We are all Hamilton’s heirs, and like most heirs, we are always in danger of squandering our inheritance. Hamilton engaged in nation-building — my last anachronism of the day — but to him, this did not mean what it so often means to us today: waiting for hand-outs, or expecting that our generous hand-outs (via USAID and associated agencies) will help nations that are still being built. Handouts — quite different from the assumption of national debt that Hamilton thought necessary, or the encouragement of infrastructure and manufacturing capabilities — circulate money heisted from the unsuspecting hard-working American public to promote schemes that distract from real work, the kind of work that makes New York the world’s greatest engine of enterprise and, as such, Hamilton’s living monument.
Note that Jefferson too has his vibrant monument, the Great River. But when he acquired it, was he not more Hamiltonian than Jeffersonian?
Sometimes a good idea wins, and agencies public and private have supported de Soto’s ILD, perhaps without realizing that the success of his ideas, what he calls the other path in a classic study of development and its enemies, would put them out of business.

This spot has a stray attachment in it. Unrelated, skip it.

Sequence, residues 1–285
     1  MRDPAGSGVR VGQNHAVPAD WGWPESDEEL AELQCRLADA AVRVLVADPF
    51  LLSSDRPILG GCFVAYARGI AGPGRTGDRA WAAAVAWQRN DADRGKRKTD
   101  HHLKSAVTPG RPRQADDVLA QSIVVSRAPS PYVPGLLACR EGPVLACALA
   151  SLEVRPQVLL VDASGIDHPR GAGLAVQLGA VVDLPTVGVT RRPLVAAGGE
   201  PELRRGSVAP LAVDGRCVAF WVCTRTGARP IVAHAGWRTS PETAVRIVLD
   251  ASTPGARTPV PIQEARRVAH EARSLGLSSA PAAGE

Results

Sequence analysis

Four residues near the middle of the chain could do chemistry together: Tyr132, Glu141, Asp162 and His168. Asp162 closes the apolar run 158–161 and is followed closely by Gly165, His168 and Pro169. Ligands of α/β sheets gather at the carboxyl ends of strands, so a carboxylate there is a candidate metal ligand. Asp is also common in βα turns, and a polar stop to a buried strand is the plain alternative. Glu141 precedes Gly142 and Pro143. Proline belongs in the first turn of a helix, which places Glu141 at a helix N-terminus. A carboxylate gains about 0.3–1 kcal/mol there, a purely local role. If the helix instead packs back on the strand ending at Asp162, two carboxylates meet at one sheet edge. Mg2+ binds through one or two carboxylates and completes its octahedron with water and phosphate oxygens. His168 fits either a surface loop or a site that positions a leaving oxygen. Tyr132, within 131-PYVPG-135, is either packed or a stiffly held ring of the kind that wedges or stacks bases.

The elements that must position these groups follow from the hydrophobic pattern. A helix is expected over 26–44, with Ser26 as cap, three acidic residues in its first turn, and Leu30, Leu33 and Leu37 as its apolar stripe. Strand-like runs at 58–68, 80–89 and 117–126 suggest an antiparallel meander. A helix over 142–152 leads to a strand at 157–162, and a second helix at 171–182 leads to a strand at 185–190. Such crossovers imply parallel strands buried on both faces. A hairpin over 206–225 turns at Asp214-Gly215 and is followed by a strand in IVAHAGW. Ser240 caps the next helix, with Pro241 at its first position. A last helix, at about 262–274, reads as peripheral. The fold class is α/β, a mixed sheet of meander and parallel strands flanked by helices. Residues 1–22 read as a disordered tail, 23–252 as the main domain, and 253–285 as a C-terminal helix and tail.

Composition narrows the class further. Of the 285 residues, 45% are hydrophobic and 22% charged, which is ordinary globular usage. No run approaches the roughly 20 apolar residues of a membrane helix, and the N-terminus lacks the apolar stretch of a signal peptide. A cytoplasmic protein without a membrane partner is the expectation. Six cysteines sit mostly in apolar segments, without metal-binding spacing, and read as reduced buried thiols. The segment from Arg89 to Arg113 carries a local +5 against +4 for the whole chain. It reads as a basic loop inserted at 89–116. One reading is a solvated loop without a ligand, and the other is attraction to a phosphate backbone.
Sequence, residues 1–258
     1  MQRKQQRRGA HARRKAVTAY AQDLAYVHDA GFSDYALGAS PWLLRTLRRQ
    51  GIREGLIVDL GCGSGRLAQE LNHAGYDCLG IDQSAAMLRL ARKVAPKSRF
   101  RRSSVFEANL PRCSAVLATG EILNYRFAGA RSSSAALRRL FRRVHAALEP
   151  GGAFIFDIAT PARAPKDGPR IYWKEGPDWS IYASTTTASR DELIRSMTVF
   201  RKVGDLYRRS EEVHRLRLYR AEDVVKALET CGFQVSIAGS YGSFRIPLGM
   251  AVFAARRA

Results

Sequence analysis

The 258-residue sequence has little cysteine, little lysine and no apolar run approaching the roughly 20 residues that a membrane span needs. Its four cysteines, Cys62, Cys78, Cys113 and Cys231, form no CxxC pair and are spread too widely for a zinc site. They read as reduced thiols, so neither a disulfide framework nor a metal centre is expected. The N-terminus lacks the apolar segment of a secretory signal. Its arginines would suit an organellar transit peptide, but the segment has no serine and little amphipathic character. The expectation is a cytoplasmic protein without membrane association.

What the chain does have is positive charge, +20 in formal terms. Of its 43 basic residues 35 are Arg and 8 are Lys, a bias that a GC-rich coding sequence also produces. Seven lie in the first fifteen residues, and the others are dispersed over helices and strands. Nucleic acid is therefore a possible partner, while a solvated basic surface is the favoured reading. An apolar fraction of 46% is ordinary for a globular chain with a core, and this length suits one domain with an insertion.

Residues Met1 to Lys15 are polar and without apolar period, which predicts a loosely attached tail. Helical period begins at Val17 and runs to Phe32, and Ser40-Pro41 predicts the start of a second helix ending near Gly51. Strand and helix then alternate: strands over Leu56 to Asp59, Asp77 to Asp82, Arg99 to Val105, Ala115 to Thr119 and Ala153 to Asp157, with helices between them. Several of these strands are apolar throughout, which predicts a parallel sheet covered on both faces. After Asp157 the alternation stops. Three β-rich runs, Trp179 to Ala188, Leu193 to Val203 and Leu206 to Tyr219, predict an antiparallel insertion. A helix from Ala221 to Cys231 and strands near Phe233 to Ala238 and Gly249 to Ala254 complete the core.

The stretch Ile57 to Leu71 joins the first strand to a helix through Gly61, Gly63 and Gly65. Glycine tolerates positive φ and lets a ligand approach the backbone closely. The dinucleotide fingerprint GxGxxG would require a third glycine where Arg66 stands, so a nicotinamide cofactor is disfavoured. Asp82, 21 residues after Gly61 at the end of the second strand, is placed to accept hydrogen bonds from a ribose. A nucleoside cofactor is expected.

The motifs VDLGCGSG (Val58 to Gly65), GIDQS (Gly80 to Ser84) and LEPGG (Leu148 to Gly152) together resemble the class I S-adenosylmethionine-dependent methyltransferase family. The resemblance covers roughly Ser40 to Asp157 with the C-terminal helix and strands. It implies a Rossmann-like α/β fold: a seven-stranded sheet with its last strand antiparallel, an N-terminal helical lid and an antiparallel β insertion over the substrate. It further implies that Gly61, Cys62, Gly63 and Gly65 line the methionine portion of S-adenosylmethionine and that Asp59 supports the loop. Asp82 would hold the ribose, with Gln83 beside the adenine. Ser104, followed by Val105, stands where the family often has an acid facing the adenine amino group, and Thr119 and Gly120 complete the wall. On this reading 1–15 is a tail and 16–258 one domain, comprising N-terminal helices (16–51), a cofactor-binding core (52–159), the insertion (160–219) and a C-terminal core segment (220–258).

The aim of the de Soto think tank, Institute for Liberty and Democracy, is to analyze the conditions in non-functioning economies and show how, with a little Hamiltonian tinkering — for example, making property titles enforceable under the law — you would go a long way toward undercutting the statist-terrorists, from Shining Path to Muslim Brotherhood, who say, basically, “We have the answer, trust us.”
The key Hamiltonian insight is that there is no such thing as “the answer” and hard-working people trust themselves, not hustlers in missionaries’ clothing. Economies grow when people are left alone to act as economic agents, in environments that are legally and otherwise secure.
That is the real nation-building.